Debates around vaccination have become a hot topic across the United States, with anti-vaxxing movements popping up all over. It might be easy to brush off these movements as fringe groups, but recent studies are showing that this rhetoric does have influence. New federal data shows that the percentage of unvaccinated kids under 2 is rising, according to the CDC, and that's a big problem.
The number of parents seeking vaccine exemptions for their children has been climbing since the 1990s. Part of this can be tied to a fraudulent paper, which claimed vaccines cause autism. The influence of the anti-vaxxing movement may not stretch incredibly far if looking solely at numbers, but it's still important to note where it does have effects.
In 2017, Minnesota dealt with the largest measles outbreak in 30 years, primarily among Somali children. It was an example of what happens when anti-vaxxing movements target immigrant communities, Vox reported. As noted by the Minnesota Department of Health, the Somali community had been purposefully targeted with misinformation around vaccinations.
Many people, from health workers to researchers, government officials, and beyond, have worked to combat anti-vaxxing movements. However, those movements are still influencing some parents, and that's important to be aware of.
Since 2001, the percentage of kids under two who have not received vaccinations has quadrupled, according to Scary Mommy. The CDC's analysis found that, of children born in 2015, 1.3 percent hadn't received any of the recommended vaccinations. That can be compared with 0.9 percent in 2011 and 0.3 percent of children who hadn't received any vaccinations when surveyed in 2001, as noted by The Washington Post.
If you assume the same proportion of kids born in 2016 didn't get immunized, that means around 100,000 kids under two are totally unvaccinated right now, as broken down by Scary Mommy.
Sure, the number might seem small when you remember there's a lot of kids in the United States. But, those small numbers can still have negative consequences, as shown in cases like Minnesota or even California's measles outbreak.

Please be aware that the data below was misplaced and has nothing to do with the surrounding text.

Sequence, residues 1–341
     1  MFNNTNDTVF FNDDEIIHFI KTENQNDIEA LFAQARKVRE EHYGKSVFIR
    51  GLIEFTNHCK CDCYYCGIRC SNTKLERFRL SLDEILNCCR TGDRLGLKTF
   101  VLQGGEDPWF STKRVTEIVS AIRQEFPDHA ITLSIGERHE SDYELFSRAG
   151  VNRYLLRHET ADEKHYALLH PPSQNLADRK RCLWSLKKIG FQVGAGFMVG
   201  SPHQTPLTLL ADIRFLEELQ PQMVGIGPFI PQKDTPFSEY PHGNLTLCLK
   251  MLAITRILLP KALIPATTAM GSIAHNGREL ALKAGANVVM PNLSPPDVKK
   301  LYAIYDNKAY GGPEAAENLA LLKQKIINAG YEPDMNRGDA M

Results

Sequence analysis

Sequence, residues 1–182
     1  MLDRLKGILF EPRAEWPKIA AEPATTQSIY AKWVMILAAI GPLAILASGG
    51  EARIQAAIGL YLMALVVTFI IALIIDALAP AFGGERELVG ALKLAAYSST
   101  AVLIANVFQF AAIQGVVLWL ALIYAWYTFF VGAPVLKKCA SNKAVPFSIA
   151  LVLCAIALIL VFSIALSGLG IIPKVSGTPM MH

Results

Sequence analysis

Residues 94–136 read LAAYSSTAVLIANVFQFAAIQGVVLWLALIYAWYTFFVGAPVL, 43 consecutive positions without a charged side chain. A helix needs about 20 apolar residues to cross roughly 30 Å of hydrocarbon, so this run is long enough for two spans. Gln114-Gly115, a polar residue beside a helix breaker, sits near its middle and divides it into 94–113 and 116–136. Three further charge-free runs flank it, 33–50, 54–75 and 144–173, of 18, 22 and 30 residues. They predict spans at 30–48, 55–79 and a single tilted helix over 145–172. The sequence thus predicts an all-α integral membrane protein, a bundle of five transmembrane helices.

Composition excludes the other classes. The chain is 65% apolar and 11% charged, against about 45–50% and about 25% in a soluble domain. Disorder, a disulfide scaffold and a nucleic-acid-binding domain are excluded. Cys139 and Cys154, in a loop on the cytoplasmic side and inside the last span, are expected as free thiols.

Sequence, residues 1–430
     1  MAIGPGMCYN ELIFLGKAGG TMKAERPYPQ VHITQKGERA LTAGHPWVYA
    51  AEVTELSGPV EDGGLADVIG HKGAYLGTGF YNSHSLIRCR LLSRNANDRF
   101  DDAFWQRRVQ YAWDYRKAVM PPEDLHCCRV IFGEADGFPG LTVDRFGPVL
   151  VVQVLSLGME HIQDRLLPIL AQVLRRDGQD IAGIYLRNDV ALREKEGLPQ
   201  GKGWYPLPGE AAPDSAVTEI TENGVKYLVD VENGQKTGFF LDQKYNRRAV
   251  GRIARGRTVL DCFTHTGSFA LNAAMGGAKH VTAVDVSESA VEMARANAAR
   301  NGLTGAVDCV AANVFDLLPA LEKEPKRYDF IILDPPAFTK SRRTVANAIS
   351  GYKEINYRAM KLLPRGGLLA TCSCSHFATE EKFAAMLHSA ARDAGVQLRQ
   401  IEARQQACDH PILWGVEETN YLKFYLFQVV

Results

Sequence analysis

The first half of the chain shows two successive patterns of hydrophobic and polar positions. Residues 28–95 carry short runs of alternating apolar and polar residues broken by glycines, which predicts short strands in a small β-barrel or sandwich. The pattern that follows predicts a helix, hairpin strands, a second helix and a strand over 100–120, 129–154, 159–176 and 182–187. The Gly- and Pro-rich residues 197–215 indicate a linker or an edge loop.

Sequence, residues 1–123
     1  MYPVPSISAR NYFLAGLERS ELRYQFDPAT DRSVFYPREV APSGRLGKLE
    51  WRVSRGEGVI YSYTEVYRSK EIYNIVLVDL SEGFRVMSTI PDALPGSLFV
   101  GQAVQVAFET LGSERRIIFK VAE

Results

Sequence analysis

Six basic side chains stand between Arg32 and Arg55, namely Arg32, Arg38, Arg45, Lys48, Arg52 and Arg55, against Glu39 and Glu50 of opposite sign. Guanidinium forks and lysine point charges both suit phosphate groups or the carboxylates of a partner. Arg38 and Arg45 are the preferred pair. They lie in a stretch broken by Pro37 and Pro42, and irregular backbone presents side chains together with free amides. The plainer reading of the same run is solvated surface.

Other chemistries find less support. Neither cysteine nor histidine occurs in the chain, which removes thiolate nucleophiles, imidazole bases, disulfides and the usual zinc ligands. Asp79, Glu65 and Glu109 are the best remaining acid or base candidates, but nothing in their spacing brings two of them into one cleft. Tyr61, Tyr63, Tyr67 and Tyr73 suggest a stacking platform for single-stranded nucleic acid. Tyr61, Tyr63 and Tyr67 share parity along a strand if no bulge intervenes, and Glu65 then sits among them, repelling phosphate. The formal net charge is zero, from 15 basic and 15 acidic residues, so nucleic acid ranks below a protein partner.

Amanda Cohn, a pediatrician and the CDC's senior advisor for vaccines, said, according to Scary Mommy, "This is something we’re definitely concerned about. We know there are parents who choose not to vaccinate their kids . . . there may be parents who want to and aren’t able to [get their kids vaccinated]."
Often, people who choose not to vaccinate wonder what the consequences could be, if the decision only affects their kids. However, there are many children relying on herd immunity, or community immunity. "If enough people get sick, it can lead to an outbreak. But when enough people are vaccinated against a certain disease, the germs can’t travel as easily from person to person — and the entire community is less likely to get the disease," according to the Department of Health & Human Services.
For some kids, getting vaccinated isn't an option. They may not be old enough or they may have other health issues. Those kids rely partially on herd immunity in order to not contract an illness that they can't fight off themselves.
The CDC's analysis also found unvaccinated kids were more common in rural communities. Unvaccinated kids were also more likely to be uninsured.
Kids who are uninsured or on Medicaid can get vaccinated for free through a federally funded program, which parents may not know, so continuing education is important. In fact, when it comes to the battle against anti-vaxxing movements, taking time to sit with and educate parents is key.